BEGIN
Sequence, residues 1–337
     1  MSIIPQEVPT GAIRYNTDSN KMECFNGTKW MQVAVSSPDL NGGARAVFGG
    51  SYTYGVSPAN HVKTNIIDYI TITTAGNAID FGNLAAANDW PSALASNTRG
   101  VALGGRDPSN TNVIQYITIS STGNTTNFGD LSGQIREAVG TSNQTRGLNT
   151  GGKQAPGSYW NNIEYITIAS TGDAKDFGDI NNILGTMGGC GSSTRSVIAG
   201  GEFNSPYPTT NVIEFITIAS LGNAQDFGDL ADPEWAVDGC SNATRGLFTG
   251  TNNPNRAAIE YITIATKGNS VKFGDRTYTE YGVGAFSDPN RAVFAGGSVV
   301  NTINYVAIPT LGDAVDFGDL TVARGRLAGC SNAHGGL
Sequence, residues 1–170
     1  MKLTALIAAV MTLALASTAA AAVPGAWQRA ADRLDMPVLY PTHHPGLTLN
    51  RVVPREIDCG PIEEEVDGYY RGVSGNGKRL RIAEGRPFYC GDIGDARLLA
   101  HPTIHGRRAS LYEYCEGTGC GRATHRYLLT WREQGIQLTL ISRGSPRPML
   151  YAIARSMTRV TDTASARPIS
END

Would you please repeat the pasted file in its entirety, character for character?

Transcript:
Sequence, residues 1–337
     1  MSIIPQEVPT GAIRYNTDSN KMECFNGTKW MQVAVSSPDL NGGARAVFGG
    51  SYTYGVSPAN HVKTNIIDYI TITTAGNAID FGNLAAANDW PSALASNTRG
   101  VALGGRDPSN TNVIQYITIS STGNTTNFGD LSGQIREAVG TSNQTRGLNT
   151  GGKQAPGSYW NNIEYITIAS TGDAKDFGDI NNILGTMGGC GSSTRSVIAG
   201  GEFNSPYPTT NVIEFITIAS LGNAQDFGDL ADPEWAVDGC SNATRGLFTG
   251  TNNPNRAAIE YITIATKGNS VKFGDRTYTE YGVGAFSDPN RAVFAGGSVV
   301  NTINYVAIPT LGDAVDFGDL TVARGRLAGC SNAHGGL
Sequence, residues 1–170
     1  MKLTALIAAV MTLALASTAA AAVPGAWQRA ADRLDMPVLY PTHHPGLTLN
    51  RVVPREIDCG PIEEEVDGYY RGVSGNGKRL RIAEGRPFYC GDIGDARLLA
   101  HPTIHGRRAS LYEYCEGTGC GRATHRYLLT WREQGIQLTL ISRGSPRPML
   151  YAIARSMTRV TDTASARPIS